CEmACS Project
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Information Society Technologies Sixth Framework Programme

The CEmACS project is a partnership between DaimlerChrysler Research, the Hamilton Institute at NUI Maynooth, Lund University, Glasgow University and SINTEF. The objective of CEmACS is to contribute to a systematic, modular, model-based approach for designing complex automotive control systems. The Specific Target Research Project is aimed at combining research into the theory of multivariable control and nonlinear observers with a selection of novel prototype automotive control applications. Control and observer designs will be evaluated using two real-life benchmark integrated chassis control design applications: (i) vehicle dynamics control for active safety (collision avoidance and roll-over protection), and (ii) multivariable control design for ride and handling using multiple actuators (Generic Prototyping). For the evaluation prototype experimental vehicles will be provided by one of the industrial project partners. Specific objectives include the following:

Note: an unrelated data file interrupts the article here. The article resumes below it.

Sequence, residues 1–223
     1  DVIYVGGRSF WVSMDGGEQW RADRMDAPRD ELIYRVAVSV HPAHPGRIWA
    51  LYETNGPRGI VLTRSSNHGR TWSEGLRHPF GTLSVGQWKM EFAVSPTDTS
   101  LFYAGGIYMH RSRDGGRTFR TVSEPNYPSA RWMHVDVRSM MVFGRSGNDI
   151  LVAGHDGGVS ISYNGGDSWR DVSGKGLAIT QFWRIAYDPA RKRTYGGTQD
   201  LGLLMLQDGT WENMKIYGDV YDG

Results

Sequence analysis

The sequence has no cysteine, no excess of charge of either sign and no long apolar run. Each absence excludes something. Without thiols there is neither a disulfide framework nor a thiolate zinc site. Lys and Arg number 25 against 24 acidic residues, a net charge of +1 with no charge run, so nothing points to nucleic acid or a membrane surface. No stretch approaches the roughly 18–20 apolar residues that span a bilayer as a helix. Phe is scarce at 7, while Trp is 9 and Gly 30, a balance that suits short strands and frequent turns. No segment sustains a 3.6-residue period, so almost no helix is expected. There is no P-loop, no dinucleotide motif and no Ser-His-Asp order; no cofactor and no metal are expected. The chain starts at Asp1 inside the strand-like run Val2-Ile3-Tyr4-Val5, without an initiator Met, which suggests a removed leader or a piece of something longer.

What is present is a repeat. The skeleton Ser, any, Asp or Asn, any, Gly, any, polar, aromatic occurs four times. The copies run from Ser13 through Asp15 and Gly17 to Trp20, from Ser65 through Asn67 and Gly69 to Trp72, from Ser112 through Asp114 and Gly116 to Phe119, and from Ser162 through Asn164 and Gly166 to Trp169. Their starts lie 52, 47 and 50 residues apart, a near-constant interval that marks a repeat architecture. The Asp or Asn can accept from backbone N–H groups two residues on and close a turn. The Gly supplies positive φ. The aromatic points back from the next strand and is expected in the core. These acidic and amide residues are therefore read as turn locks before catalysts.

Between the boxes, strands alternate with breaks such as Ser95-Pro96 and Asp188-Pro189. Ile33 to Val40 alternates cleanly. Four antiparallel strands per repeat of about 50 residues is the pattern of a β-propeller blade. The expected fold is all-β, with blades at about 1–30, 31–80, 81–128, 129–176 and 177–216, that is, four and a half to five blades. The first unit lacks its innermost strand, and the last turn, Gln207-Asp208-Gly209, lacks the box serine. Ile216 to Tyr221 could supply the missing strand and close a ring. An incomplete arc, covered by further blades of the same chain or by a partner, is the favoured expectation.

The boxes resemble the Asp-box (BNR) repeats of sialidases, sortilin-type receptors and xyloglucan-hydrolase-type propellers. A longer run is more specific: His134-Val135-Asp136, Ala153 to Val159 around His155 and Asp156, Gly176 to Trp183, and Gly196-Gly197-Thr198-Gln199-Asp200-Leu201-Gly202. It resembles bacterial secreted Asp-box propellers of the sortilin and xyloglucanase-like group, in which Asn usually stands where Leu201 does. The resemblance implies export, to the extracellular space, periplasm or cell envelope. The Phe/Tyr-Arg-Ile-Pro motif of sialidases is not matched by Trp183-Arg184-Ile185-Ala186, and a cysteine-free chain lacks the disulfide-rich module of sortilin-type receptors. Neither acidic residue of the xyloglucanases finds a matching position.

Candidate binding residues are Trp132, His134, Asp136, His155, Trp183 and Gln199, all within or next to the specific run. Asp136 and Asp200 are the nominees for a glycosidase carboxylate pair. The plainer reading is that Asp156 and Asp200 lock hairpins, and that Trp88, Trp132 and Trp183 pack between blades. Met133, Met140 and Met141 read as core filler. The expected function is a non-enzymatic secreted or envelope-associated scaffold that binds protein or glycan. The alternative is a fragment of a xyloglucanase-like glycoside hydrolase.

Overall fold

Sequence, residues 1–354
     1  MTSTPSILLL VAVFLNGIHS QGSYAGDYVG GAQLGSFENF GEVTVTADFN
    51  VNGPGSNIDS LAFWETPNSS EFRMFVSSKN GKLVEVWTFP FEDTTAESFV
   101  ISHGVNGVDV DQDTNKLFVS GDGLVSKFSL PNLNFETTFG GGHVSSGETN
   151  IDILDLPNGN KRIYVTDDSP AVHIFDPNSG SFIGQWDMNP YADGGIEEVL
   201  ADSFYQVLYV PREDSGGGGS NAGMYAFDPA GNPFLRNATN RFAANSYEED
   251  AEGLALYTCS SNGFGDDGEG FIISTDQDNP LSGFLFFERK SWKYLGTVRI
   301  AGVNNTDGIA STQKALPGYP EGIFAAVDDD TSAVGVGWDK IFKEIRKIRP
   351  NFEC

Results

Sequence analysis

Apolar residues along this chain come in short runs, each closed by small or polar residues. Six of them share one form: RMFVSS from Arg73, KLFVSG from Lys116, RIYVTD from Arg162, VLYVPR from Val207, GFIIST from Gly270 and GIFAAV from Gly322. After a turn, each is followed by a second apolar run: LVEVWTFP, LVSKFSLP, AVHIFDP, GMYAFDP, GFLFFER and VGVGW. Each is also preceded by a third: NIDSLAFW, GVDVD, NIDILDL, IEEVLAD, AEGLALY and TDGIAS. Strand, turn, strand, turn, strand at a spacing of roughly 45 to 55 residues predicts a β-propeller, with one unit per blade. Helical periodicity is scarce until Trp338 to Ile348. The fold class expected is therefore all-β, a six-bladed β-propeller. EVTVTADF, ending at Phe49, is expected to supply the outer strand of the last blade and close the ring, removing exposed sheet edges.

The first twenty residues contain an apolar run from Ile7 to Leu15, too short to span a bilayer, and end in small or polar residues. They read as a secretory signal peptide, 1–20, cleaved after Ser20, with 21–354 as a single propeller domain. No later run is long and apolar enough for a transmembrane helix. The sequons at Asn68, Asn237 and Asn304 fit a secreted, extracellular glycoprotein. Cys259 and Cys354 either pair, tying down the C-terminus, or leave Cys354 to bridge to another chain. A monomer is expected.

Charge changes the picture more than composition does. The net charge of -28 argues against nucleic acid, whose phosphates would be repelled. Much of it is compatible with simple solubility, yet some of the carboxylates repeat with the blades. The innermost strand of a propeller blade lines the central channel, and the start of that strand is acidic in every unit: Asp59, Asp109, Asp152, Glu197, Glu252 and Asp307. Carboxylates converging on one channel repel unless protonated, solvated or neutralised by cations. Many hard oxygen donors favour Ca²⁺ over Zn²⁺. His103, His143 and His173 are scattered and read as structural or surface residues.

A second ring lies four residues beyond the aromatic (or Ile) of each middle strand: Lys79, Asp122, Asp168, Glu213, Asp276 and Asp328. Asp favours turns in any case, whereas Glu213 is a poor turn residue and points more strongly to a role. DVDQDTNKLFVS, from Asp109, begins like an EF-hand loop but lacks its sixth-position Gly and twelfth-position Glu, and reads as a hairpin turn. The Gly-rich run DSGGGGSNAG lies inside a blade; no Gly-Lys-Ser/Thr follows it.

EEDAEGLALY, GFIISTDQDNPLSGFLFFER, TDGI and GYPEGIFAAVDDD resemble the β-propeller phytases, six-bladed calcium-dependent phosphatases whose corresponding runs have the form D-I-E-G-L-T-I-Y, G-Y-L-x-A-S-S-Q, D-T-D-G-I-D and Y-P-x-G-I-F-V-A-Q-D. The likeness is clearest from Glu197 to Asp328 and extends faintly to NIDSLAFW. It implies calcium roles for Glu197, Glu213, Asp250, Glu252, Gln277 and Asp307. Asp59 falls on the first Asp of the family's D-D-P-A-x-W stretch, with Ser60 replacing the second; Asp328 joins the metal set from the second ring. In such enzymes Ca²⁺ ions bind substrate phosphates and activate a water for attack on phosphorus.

1. Develop and evaluate vehicle dynamics control systems for active safety, in particular for roll-over avoidance, and collision avoidance based on active steering/braking.
  2. Develop and evaluate an integrated chassis controller for generic prototype vehicles to be used in vehicle dynamics analysis and design.
  3. Contribute to a systematic modular design approach for complex embedded automotive control systems taking into account the following specific issues: (i) High performance decentralised multivariable control design under hard real-time conditions and in the presence of time delays, and state and actuator constraints; (ii) Nonlinear and adaptive controllers to stabilise vehicles at the physical limits in the presence of uncertainties in road friction and vehicle mass and load distribution; (iii) Hybrid control systems for improved fault tolerance, graceful degradation and robustness with respect to a highly time-varying environment.
  4. Development of robust state observation techniques for low-cost sensor configurations focused on two complementary approaches: nonlinear observers with global convergence properties, advanced Kalman-filtering and covariance intersection techniques.
  5. Implementation, evaluation and verification of the controllers in two experimental test vehicles which will be used in vehicle dynamics research and design.

DaimlerChrysler AG Hamilton Institute University of Glasgow Lund University SINTEF